On the surface, sex is a simple, natural act that promotes love and togetherness. Yet, when you look at all the myths surrounding intercourse, things can get downright overwhelming. You start to wonder, “Am I doing it right?” and “Is there something I’m missing here?” This is especially the case when it comes to foreplay.
Foreplay, the precursor to sexy time, can be a bit confusing. After all, it can feel as though there’s a lot resting on foreplay, on making your partner feel turned on and ready for sex. To make this easier on us all – especially because foreplay is supposed to be fun – we’d like to take the time to bust some foreplay myths.
Myth #1: Foreplay is not required. Sex should be effortless.
Sexual health expert Dr. Jennifer Berman reveals that foreplay won’t only make sex better for all involved, it will also enhance one’s relationship outside the bedroom. “Foreplay helps to maintain intimacy. Physical intimacy but also emotional intimacy,” Dr. Berman told Men’s Journal. “Over time, when life gets in the way – our kids, our work, our stress, financial whatever it is – being able to maintain a connection, an intimacy with our partners, is really, really important and foreplay helps to do that.”
Myth #2: Foreplay must start in bed, right before sex.
“A woman will feel more connected to a man – and more ready for a fantastic sex session – if she sees he has a sensitive side as well as a hot and passionate one,” explained sex expert and psychologist Dr. Pam Spurr. This means that foreplay doesn’t always need to proceed the act of sex. It can involve sultry eye contact when cooking dinner, a massage in the middle of the day, and anything else that allows your partner to feel loved.
Myth #3: Oral sex and foreplay are the same thing.
There’s a reason oral sex and foreplay aren’t synonyms. That’s because foreplay doesn’t need to involve genitals in order for someone to get turned on. “Find her ‘lust lines’ to boost her skin sensitivity,” advises Dr. Spurr. “Ancient oriental beliefs state that women (and men, too) have a lust line running from the earlobe down the side of the neck. This is why when you gently stroke her earlobe and then plant little kisses on the back of her neck she gets tingles right down to her clitoris.”
Myth #4: Foreplay should only occur for [insert amount of time here].
In 2012, the University of New Brunswick conducted a survey to see how both men and women feel about foreplay and they found that “the ideal duration of foreplay and intercourse were significantly longer than the actual duration for both genders.” In other words, it’s all about communication and telling your partner what you want. There’s no perfect amount of time when it comes to foreplay – it all depends on the couple, the moment, and the mood.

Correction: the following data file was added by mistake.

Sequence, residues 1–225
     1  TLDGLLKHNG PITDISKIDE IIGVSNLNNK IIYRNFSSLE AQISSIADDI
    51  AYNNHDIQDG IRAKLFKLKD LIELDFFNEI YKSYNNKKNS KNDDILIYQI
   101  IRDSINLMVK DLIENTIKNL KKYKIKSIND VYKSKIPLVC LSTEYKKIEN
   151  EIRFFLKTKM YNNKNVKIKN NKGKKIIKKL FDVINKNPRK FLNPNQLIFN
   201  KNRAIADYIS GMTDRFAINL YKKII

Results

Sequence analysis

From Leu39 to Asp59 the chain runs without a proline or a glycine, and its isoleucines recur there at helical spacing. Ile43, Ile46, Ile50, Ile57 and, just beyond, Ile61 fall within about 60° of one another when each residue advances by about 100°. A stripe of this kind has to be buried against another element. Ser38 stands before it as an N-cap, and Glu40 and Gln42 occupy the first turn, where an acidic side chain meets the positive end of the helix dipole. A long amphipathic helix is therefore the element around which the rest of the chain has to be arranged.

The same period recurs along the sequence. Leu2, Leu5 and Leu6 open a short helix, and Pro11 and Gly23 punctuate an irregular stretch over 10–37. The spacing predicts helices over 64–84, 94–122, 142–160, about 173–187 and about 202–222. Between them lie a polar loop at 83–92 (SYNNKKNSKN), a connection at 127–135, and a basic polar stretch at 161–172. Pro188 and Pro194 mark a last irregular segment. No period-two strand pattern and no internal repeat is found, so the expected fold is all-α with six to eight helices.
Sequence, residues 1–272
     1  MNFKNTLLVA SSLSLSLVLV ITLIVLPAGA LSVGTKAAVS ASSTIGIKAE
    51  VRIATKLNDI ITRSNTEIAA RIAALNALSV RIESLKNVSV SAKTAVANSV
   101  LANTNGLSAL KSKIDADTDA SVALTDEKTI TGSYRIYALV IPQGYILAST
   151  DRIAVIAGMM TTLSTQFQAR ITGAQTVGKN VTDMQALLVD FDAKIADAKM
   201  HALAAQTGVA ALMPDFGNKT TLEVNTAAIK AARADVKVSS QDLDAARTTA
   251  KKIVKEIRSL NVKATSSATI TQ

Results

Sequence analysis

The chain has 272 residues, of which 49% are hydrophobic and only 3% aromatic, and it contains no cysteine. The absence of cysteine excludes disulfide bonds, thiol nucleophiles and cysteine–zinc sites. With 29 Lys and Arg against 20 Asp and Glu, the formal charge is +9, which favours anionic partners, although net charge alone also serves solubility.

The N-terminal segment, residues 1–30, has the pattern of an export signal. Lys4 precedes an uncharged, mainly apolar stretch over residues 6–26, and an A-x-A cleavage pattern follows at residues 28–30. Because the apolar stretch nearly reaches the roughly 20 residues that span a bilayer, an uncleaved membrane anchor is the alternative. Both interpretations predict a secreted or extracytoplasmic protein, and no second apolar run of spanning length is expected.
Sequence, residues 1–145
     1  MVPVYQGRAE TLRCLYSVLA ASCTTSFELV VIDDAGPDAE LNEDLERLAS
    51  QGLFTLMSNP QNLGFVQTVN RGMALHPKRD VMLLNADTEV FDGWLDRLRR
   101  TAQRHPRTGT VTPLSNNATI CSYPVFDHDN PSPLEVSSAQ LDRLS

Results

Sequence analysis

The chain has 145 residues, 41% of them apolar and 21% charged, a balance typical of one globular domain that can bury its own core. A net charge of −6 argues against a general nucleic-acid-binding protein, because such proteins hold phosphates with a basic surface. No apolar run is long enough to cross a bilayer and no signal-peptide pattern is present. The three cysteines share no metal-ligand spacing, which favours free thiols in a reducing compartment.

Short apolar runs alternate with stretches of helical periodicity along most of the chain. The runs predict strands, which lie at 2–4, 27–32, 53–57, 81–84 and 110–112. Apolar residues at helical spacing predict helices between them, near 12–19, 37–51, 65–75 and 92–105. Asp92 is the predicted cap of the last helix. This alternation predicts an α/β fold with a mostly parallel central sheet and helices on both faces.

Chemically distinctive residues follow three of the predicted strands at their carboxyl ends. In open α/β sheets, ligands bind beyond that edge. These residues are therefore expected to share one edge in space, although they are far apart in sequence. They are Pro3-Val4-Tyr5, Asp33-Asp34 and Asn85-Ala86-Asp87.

Myth #5: Men don’t need foreplay.
It’s a common misconception that foreplay is solely for all the ladies out there, but Dr. Charlie Glickman told Pop Sugar otherwise: “Some men find that they prefer, want, or need some sort of stimulation in order to get an erection. It’s actually quite common, even though there’s a widespread belief that if a guy is turned on, he’ll immediately get hard.” A Lovehoney survey, which questioned 2,000 people, also learned that men feel the need to spend more time getting their foreplay on.
Myth #6: Men don’t want foreplay.
Back in 2006, Men’s Health and Cosmopolitan teamed up to interview 6,000 men and women about all things sex. What they uncovered was this: only 1.4% of men said that their partner “wants too much foreplay.” As a matter of fact, a study in the Journal of Sexual Research discovered that both men and women aim to participate in foreplay for about 20 minutes before sex begins.
Myth #7: Foreplay is just about our bodies.
In her publication The Book of Love, sex and relationship therapist Dr. Laura Berman reveals that foreplay’s definition is flexible. It all depends on one’s sexual preferences, which means that it can involve talking, teasing, texting, and more. Incorporating certain colors (red has been proven to make men perceive women as sexier), flowers, candles, and music can also help to enhance the experience.
Myth #8: A woman’s ability to orgasm depends entirely on foreplay.
Along with the myth that men don’t need foreplay, there’s the myth that women need it every single time they have sex. Female sexuality researcher Meredith Chivers states otherwise. She measured women’s genital blood flow while they viewed sexual images. What she found was that it took women only 5-10 seconds to respond after they began watching an erotic film. Yes, women may need more time to mentally warm up to sex, but that doesn’t mean that they won’t enjoy quickie every now and then.
Myth #9: Keep doing what works for you – over and over and over again.
“A regular steady touch is much more likely to work for a man than a woman,” sex and relationship expert Susan Quilliam told WebMD. “But if something works for your partner, don’t keep doing it for the next 30 minutes. The skin gets used to it and the sensation stops.” However, if your partner is about to climax, it’s recommended that you keep doing exactly what you’ve been doing.